If you travel a lot and prefer to stay in Marriott hotels, for example, the Marriott Bonvoy Brilliant™ American Express® Card can offer generous rewards. This card earns you 75,000 bonus points when you spend $3,000 in the first 3 months. In addition, she earns 6 points for every eligible dollar spent with the card at hotels participating in the Marriott Bonvoy™ program and an increased earning percentage on US restaurant purchases and flights booked directly with airlines. Conditions apply. Because the interest rates on premium Reward cards can be high, they are best suited to cardholders who pay their balance in full each month. If you normally carry money with you, the interest and fees you pay may exceed the value of your premiums.
Types of Credit Cards For Major Purchases Or Transferring Debt
Sometimes saving interest is enough as a reward. If you tend to have credit card balances or have a significant amount of existing credit card debt, it’s best to find a card with a low-interest rate or with an introductory offer of 0% APR for purchases or balance transfers. However, before considering these options, make sure you manage your finances carefully and don’t get stuck in a debt cycle. These cards can help you save money but work against you if they only encourage you to take on more debt.
Prepaid Credit Cards
Balance transfer offers that allow you to fund your existing credit card debt with little or no interest over six to 18 months.
The good: Cards with balance transfer offers often don’t come with lavish rewards. However, if you’re trying to manage existing card debt or want low-cost access to revolving credit, these may be the most financially advantageous options for you.
The bottom line: You usually need good credit to qualify for balance transfer offers and cards with 0% promotional interest or low revolving interest. Card issuers want to know that you have little credit risk because they allow you to transfer money at a low-interest rate.
The Fit: Balance transfer cards are good for those with existing credit card debt and good credit who want to lower their interest rates.
The caveat: You’ll likely have to pay a 3% to 5% fee for balance transfers, so do the math to make sure you save money with a wire transfer.
0% introductory APR cards
Paying less interest is always a good thing, and a card with a 0% APR introductory period may give you more time to make purchases and avoid paying interest.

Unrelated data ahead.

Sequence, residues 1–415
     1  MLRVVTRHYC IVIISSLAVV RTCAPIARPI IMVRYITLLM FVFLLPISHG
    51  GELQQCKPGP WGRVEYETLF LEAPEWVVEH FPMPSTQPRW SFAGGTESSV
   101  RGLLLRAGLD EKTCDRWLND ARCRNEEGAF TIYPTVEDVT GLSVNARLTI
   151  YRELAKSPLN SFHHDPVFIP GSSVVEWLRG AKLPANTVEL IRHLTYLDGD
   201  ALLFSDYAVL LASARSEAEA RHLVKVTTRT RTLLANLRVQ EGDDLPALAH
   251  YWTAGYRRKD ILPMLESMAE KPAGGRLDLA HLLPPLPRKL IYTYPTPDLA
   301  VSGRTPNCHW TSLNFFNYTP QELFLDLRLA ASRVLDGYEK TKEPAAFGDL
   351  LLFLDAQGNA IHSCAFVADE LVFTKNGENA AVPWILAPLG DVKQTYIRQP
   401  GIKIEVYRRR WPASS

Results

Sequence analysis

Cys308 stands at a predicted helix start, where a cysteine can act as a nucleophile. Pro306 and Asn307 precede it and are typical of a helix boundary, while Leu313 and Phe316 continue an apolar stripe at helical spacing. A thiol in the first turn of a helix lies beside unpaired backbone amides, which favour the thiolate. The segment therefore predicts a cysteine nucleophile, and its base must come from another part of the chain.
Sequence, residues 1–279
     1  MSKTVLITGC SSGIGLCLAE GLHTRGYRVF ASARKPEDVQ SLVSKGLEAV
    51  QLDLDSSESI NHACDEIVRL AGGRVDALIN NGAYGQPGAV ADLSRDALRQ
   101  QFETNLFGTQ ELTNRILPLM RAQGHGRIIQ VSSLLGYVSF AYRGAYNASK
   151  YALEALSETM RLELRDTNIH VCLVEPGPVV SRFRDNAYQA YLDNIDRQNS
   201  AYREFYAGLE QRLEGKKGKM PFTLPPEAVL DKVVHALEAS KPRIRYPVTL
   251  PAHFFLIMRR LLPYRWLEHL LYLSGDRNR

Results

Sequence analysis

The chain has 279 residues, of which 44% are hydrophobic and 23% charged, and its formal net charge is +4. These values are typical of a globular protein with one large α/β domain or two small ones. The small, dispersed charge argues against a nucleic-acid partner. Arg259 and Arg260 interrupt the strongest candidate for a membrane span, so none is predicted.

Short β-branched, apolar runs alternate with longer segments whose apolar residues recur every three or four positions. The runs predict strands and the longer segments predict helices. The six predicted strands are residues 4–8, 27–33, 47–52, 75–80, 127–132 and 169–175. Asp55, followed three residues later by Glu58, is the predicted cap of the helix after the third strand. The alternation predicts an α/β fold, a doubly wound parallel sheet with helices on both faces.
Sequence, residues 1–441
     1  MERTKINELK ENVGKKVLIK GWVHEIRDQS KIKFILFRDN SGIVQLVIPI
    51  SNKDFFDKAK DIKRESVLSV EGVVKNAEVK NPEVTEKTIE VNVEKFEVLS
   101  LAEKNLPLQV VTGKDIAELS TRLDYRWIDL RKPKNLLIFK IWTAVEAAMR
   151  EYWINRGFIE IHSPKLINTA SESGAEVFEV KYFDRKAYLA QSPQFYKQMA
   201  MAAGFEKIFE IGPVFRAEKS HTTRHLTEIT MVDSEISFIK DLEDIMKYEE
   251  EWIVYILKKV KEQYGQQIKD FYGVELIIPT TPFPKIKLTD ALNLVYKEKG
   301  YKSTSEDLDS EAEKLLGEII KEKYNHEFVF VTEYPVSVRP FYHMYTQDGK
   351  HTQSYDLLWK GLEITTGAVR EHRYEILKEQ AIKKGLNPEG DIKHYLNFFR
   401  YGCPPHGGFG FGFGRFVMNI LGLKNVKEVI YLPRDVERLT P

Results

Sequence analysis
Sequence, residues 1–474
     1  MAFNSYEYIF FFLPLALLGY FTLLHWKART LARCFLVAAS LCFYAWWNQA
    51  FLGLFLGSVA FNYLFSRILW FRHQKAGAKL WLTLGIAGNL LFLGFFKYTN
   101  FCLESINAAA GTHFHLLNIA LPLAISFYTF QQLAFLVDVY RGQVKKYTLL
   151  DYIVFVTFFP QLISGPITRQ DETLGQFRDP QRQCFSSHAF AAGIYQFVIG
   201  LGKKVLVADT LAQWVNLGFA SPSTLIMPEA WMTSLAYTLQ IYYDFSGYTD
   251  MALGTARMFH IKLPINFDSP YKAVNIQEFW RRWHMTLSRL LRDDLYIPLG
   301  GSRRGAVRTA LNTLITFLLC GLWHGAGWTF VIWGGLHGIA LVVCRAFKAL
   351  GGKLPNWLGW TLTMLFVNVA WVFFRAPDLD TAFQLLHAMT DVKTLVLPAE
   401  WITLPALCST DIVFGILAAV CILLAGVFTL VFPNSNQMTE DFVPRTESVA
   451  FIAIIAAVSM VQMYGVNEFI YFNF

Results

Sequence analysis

The good thing: 0% APR introductory cards give you the ability to fund large purchases and can be a money-saving option rather than borrowing for a similar amount, as long as you plan to pay them off at the end of the zero-interest period. If you are using a 0% intro APR credit card, you should check how your purchases compare to your credit limit, as high balances can affect your credit utilization, which is an important factor in your credit score.
The Score: Good to excellent credit is usually required for cards with an introductory period of 0% APR.
The caveat: Since introductory offers eventually expire, read the fine print to understand how long the 0% APR period lasts and what interest rate you’ll pay once it expires.
Types of Credit Cards For Students, Bad Credit, Or Borrowing
What if you’re just starting – or starting fresh? Some credit cards are specifically designed to help rebuild students, new borrowers, and those with bad credit.
Students with limited income and credit can use student cards to build and build credit. Rewards, benefits, and lines of credit on student cards are usually modest, but they often exceed the rates and fees on subprime cards and offer additional benefits over paying with cash or debit cards. Credit cards can come in handy during college, whether it’s for emergency expenses or managing cash flow. They will also help you learn the basics of debt management. Students who use their cards responsibly while in college can do so with a little credit history and a good credit score to show for it.
Secure credit cards